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A Print Shop Messenger with an Unforgettable Message

[fa icon="calendar"] Fri, Dec 13, 2013 / by Andre Palko

I always think of Bernard this time of year. This week I ran across an old picture of him taken at our printing company’s Christmas party in the early 80’s. It’s as if he somehow made that photo appear to say, “Hey, don’t forget about me!”

Bernard Green at print shopHe was a little man with a big spirit who would do anything for you. Unless you made him mad. Then he would walk past as if you didn’t exist, lips pursed, eyes narrowed and focused somewhere in the distance. You never wanted to be on his bad side.

Bernard was a messenger for my employer, Arcora Litho, a New York City printing company. His job was to pick up mechanicals (remember them?) from ad agencies, deliver proofs and pick up or deliver anything else needed to keep the company running smoothly.

If you took the time to get to know him, he would pick up your morning coffee and bagel, get your lottery tickets, place your bet on a horse at Off Track Betting or pick up your lunch during his runs around town. On those icy, blustery days his was a tough job, slogging the wind-tunnel streets of New York City. But he did it with a merry heart no matter how cold and miserable it was outside.

It’s the image of him as a slightly crazy looking Santa’s helper toting shopping bags full of gifts to customers around NYC that always makes me think of him this time of year. His appearance sometimes bordered on that of a homeless person, with his slightly oversized second-hand overcoat nearly dragging the ground, baggy cardigan sweaters and a roll-brim, Russian-style fur hat pushed down hard on his head.

But he wasn’t homeless and had an apartment in Brooklyn. He was a happy guy. He didn’t have much in the way of material things but he had everything he needed. He gave his all to his job and was adept at finding his way around the city. Nothing could keep him from his rounds. Yes, he could get a bit crabby. But who among us wouldn’t, especially if you had 25 co-workers, in addition to your bosses, making daily requests for this favor or that errand.

He had a subtle way of making me not take myself so seriously. On busy days I would arrive at the printing plant very early and soon thereafter Bernard would appear, his distinct Brooklyn accent calling across the empty shop, “Oh Annnnndre…” He liked to chat in the morning before getting underway. On normal days, that was not a problem. But on an intense, pressure-filled day, such chit-chat could get a little under my skin. He knew it.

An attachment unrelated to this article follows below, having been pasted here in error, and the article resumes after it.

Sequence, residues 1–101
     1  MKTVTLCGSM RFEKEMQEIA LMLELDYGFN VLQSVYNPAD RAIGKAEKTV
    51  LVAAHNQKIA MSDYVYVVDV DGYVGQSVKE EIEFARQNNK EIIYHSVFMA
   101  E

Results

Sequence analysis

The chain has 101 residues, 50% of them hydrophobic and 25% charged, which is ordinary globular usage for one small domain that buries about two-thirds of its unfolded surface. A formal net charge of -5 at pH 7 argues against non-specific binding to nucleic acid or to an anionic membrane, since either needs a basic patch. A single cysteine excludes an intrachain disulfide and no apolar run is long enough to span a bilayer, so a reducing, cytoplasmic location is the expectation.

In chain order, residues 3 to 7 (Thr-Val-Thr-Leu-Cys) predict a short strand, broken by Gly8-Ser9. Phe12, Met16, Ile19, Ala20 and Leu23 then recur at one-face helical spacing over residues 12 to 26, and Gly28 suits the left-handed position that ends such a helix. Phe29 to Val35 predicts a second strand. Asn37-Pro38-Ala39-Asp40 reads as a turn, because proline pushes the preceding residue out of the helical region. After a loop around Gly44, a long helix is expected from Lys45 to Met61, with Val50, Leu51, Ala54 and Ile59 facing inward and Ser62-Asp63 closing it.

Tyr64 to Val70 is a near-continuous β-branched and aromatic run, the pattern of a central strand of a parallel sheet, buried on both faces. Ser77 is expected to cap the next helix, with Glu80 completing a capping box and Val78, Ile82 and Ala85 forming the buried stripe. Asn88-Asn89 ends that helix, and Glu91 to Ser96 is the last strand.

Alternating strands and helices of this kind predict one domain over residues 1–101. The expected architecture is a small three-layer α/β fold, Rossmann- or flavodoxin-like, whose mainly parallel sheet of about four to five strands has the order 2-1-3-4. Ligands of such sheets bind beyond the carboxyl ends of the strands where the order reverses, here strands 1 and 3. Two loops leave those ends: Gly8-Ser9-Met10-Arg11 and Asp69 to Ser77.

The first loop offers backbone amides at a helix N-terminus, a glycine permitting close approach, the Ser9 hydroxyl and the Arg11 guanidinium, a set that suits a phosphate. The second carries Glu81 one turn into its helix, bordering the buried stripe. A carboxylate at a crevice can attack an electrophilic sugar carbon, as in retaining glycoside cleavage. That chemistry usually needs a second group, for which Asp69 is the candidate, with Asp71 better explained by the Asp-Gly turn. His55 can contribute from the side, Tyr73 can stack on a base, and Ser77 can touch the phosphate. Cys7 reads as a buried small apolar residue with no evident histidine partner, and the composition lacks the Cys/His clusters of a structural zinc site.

So he would saunter over to me with his morning greetings. Standing behind me, smiling, watching me work, asking an occasional question, he’d try to find the right balance between amusement and annoyance. Just as I reached the point of being annoyed, I would turn around, look at him and we’d both burst out laughing. Then he’d pat me on the back and be on his way to greet someone else. You could never stay mad at the guy.

Most of us would let him keep some or all of the change from the breakfast and lunch runs he made. He appreciated those tips and always received them with a sincere “Thank you very much!”

Did he dream of being a messenger when he was kid? Probably not. Yet he embraced it and did it to the best of his ability for many years. He proved to us that there is honor and dignity in all work.

In his unique way he was a messenger for much more than the material things that kept the printing business running. He was a daily example of the spirit of gratitude. He demonstrated by example an exceptional work ethic; it was tough to get to the shop before he arrived and he rarely called in sick. He was generous with his time, going so far as to do things for us on his own time. Lastly, he taught us not to take ourselves so seriously.

These days I am sure he is a messenger for St. Peter. And when I get to the next world, I wouldn’t mind seeing him there to guide me. He’ll know exactly where to go to get the best coffee and bagel.

As always we welcome your stories and comments below!

Topics: Printing Business

Andre Palko

Written by Andre Palko

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